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Houston Police Chief Art Acevedo speaks out against bathroom bills at a press conference on the steps of the state capitol on July 25, 2017.

Houston Police Chief Art Acevedo speaks out against bathroom bills at a press conference on the steps of the state capitol on July 25, 2017.

Credit: Austin Price/The Texas Tribune

Houston Police Chief Art Acevedo is leaving his helm to lead the Miami Police Department after holding the position for five years, he announced in a press conference.

“With the end of Mayor [Sylvester] Turner’s final term in office fast approaching and my strong desire to continue serving as a police officer, we decided that the timing for this move was good,” Acevedo said in the email obtained by the Houston Chronicle. The police chief is appointed by the mayor. Turner, who was reelected in 2019, is term limited.

Acevedo will be the third major police chief in Texas to depart after a year marked by protests against police violence. Last month, Austin Police Chief Brian Manley said he is retiring after 30 years with the department. Manley faced harsh criticism, largely spurred by the police killing of an unarmed man last year and how the department handled summer protests over police brutality.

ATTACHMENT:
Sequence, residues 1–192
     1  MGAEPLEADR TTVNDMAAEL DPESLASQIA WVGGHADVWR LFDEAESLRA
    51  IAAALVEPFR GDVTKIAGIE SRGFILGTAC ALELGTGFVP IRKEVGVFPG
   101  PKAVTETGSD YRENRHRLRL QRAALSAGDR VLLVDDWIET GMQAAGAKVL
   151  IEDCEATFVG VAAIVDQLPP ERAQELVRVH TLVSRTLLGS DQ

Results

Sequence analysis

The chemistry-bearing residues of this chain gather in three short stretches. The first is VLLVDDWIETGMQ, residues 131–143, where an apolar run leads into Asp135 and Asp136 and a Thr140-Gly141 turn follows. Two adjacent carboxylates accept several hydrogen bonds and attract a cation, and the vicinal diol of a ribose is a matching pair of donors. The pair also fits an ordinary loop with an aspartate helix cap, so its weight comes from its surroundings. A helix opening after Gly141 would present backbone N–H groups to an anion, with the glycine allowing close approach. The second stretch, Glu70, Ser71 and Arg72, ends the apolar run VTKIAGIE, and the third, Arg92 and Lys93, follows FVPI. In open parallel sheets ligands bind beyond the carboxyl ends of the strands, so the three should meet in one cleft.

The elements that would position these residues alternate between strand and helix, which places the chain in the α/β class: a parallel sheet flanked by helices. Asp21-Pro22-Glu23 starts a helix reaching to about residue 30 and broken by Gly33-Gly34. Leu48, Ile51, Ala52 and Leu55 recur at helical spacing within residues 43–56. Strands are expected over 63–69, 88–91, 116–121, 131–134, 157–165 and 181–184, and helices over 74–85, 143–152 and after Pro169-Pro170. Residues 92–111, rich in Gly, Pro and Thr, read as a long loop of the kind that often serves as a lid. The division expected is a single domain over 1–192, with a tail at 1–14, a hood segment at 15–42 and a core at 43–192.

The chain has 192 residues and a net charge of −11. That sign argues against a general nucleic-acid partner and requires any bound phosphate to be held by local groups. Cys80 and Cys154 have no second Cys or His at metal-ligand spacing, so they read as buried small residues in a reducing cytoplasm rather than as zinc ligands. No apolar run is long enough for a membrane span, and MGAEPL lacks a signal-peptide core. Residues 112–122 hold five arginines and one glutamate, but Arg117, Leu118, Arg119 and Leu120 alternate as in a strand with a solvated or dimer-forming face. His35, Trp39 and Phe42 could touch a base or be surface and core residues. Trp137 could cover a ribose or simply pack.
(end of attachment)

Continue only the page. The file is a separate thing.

Dallas Police Chief Reneé Hall resigned in September after scrutiny following the Dallas Police Department’s response to protests against police brutality following George Floyd’s killing in 2020.

Acevedo was one of the first big city police chiefs in Texas to speak out against the killing of Floyd and marched with protesters in Houston, saying “we will march as a department with everybody in this community.” However, Acevedo also received local backlash for refusing to release body camera footage from several deadly shootings in Houston.

Miami Mayor Francis Suarez told the Miami Herald “this is like getting the Tom Brady or the Michael Jordan of police chiefs.”

Acevedo will lead a force of nearly 1,400 officers in Miami compared to Houston’s force of over 5,200 officers. He will replace former Miami police chief Jorge Colina, who retired in February.

“We have been through so much as an extended family,” Acevedo said in the email. “Hurricane Harvey, two World Series, a Super Bowl, (Imelda), the summer of protest, and most recently, an ice storm of epic proportion. On top of all this, we have sadly buried six of our fallen heroes.”